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Road through the Forest of Fontainebleau László Paál


László Paál Zám, 1846 – Charenton [Charenton-le-Pont], 1879

Date 1876
Object type painting
Medium, technique oil, canvas

91.7 × 63 cm

Inventory number 3722
Collection Collection of Paintings
On view Hungarian National Gallery Building B, First Floor, Art in the 19th Century – Variations on Realism. From Munkácsy to Mednyányszky

In the spring of 1873 László Paál settled in Barbizon where he had been longing to go since he saw the landscapes of the artists working on the edge of the immense forest near Paris at an international exhibition in Munich in 1869. He arrived with a mature artistic stature, so he did not become the epigone of any famous artist working there. While in his pictures painted in the Netherlands he had depicted the selected details of nature from a broad view, in the forest of Fontainebleau ― like in this masterpiece ― he rendered the thickness of the woods observed closely. The drifting rhythm of the light beams draw the spectator into the depths: in the dense forest, one can feel the experience of enormous space and the infinity of nature. Just like his luckier friend Munkácsy, Paál was always relaxed by the mystic spell of the forest, which helped him sense the creative will permeating all nature. His longing for light often led him to depict the light phenomena, colour, and tone value changes brought about by the sunrays penetrating the woods. He repeatedly returned to some pleasing detail to paint it at different times of the day, in different light conditions. Though this method, the use of colourful shadows and several other stylistic elements brought him close to the impressionists, he never resigned from projecting his individual feelings into the landscape, saturating it thus with deep emotions. | Anna Szinyei Merse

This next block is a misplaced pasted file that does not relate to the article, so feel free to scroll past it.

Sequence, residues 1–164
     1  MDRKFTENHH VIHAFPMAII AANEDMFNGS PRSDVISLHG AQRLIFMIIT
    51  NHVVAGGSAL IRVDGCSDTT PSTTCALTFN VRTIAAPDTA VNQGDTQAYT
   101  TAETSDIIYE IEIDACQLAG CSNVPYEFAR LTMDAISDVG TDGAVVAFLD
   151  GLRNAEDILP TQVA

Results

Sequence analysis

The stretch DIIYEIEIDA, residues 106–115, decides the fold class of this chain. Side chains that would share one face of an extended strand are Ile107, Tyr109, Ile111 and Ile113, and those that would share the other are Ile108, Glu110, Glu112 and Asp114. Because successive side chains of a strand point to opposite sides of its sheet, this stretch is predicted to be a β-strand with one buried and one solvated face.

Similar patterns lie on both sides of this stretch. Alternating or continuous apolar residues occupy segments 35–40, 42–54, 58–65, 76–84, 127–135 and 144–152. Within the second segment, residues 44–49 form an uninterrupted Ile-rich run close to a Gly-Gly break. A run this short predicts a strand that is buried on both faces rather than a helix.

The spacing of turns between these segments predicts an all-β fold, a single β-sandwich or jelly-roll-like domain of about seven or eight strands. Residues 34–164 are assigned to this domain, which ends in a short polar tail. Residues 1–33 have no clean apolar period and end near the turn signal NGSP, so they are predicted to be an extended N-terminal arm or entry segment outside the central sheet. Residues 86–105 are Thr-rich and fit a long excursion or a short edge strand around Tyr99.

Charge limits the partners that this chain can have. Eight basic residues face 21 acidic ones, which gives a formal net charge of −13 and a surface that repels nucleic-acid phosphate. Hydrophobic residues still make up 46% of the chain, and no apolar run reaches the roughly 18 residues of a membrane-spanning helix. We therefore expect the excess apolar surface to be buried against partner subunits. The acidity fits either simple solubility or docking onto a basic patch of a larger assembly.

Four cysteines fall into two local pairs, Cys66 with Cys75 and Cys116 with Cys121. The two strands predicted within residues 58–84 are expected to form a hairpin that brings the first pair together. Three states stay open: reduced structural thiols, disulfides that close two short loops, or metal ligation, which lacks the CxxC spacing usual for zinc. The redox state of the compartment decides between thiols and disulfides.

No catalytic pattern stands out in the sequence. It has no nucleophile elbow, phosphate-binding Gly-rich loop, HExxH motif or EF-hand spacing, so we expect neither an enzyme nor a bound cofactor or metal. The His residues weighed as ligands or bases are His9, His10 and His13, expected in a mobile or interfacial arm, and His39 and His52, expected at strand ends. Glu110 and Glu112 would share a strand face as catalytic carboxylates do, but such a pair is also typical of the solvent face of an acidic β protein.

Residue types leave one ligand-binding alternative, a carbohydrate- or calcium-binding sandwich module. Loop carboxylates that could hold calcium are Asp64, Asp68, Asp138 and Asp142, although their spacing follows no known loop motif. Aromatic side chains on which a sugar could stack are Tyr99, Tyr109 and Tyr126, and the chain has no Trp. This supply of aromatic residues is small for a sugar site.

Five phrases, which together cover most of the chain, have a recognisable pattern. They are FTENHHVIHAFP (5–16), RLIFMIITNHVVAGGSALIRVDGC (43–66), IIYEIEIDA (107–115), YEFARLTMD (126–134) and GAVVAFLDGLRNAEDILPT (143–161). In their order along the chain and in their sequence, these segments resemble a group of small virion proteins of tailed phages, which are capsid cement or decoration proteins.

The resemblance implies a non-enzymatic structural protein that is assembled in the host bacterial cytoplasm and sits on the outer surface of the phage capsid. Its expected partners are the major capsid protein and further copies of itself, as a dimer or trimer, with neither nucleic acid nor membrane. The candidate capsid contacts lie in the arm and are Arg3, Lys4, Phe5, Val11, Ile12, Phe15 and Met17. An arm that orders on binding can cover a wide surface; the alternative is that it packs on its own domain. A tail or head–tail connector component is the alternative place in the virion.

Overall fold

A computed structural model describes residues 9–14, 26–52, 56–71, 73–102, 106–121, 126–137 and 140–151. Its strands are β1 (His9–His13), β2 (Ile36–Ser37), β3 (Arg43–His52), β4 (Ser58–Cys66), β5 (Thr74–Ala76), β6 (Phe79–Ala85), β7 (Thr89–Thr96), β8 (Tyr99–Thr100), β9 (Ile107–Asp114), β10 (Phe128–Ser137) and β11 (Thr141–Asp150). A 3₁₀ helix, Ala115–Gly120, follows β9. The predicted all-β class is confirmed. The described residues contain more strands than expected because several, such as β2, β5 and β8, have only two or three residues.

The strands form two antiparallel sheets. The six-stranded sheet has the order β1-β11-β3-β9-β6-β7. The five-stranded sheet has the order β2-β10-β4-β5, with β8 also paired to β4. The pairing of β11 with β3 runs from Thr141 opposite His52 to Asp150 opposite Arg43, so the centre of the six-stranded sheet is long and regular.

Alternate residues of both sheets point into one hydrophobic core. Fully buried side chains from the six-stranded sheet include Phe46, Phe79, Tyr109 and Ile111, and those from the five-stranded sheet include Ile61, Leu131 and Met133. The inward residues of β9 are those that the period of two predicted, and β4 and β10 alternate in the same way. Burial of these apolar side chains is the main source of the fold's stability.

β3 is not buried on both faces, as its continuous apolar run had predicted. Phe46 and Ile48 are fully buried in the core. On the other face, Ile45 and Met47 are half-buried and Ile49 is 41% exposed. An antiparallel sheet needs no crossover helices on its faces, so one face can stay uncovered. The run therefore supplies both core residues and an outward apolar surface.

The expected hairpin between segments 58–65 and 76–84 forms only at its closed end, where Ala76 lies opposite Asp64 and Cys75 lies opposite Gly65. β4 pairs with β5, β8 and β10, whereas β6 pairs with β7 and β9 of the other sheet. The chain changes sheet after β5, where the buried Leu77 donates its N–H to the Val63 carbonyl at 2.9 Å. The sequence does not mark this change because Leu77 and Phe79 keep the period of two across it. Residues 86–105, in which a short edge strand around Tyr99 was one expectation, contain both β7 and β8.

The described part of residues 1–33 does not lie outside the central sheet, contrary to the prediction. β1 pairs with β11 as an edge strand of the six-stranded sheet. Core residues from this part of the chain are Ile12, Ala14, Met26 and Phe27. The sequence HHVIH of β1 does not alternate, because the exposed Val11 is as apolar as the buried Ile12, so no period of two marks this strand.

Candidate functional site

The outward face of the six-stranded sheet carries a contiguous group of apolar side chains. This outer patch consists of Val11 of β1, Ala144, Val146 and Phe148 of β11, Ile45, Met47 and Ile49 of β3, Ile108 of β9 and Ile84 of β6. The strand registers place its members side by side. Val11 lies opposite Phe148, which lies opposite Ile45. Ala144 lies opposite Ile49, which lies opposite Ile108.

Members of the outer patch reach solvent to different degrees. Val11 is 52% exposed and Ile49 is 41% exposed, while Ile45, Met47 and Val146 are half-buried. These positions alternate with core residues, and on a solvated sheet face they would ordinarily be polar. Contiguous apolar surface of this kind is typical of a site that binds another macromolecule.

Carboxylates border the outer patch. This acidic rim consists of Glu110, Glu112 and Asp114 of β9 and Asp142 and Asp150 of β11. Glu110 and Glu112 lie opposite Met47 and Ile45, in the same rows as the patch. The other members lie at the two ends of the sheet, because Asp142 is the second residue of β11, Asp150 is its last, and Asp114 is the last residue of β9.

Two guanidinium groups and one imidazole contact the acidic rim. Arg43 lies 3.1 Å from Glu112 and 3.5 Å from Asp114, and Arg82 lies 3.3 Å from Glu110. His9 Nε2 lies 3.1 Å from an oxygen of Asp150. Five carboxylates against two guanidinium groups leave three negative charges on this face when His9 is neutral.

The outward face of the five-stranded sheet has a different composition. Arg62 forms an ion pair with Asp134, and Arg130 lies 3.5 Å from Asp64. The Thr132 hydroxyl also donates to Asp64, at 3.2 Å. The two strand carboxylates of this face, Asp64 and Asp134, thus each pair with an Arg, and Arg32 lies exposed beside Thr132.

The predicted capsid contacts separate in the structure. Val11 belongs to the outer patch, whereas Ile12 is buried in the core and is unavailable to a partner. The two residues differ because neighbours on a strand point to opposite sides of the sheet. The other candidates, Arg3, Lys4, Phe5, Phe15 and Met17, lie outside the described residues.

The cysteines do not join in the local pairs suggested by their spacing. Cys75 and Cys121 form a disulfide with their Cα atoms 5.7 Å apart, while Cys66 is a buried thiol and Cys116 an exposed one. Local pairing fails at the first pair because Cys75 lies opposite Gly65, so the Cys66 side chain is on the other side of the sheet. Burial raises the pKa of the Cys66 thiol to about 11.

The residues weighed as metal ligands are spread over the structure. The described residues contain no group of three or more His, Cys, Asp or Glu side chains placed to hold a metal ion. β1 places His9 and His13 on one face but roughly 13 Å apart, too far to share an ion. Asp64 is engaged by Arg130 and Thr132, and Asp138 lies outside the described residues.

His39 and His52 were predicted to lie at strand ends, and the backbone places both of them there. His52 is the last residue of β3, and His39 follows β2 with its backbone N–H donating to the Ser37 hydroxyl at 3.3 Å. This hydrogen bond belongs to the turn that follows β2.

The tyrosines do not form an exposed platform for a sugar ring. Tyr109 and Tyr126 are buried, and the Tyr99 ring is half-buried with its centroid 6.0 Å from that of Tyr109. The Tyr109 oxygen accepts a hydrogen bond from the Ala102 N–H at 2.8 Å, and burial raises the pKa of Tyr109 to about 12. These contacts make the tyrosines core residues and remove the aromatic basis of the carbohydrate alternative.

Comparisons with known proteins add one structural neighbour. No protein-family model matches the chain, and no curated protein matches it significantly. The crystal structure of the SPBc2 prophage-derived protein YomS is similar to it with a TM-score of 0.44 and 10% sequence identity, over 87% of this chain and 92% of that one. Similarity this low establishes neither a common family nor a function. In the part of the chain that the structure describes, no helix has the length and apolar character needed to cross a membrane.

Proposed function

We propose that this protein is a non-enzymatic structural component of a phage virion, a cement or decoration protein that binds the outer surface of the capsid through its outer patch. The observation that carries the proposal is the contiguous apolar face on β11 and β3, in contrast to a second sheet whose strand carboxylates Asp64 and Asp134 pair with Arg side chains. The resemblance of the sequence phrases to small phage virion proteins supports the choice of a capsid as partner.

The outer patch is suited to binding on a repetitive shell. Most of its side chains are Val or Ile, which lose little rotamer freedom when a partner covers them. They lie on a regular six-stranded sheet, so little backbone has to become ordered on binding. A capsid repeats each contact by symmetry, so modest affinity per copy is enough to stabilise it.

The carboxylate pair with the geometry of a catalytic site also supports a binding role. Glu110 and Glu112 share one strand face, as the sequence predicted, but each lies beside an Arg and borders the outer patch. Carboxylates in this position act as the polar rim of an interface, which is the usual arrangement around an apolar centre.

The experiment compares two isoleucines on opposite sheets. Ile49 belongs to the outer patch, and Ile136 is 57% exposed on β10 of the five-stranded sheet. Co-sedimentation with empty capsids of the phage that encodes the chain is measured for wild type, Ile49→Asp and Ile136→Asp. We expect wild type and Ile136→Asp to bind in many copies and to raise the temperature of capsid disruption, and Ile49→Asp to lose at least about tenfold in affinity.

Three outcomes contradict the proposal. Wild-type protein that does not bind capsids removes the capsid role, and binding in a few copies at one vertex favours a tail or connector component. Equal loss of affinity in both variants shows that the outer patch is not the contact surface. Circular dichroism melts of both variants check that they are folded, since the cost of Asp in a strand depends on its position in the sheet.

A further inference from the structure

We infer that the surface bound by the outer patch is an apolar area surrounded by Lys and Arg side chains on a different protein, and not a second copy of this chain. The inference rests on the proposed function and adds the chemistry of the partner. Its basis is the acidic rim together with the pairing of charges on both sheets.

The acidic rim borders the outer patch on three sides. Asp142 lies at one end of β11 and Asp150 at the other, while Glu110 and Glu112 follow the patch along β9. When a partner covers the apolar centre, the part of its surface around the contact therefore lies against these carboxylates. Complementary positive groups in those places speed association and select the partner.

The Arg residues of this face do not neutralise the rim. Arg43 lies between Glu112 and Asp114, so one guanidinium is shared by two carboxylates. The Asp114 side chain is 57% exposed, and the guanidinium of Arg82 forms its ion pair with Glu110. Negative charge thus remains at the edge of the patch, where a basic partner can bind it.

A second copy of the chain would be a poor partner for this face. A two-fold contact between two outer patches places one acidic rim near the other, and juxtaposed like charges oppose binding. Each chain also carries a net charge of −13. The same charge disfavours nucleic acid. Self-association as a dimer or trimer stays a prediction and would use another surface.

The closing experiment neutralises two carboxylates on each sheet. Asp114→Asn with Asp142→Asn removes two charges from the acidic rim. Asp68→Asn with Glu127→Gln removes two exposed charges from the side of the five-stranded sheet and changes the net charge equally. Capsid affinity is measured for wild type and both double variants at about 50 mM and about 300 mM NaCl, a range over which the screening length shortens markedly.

This record is subject to revision due to ongoing research.

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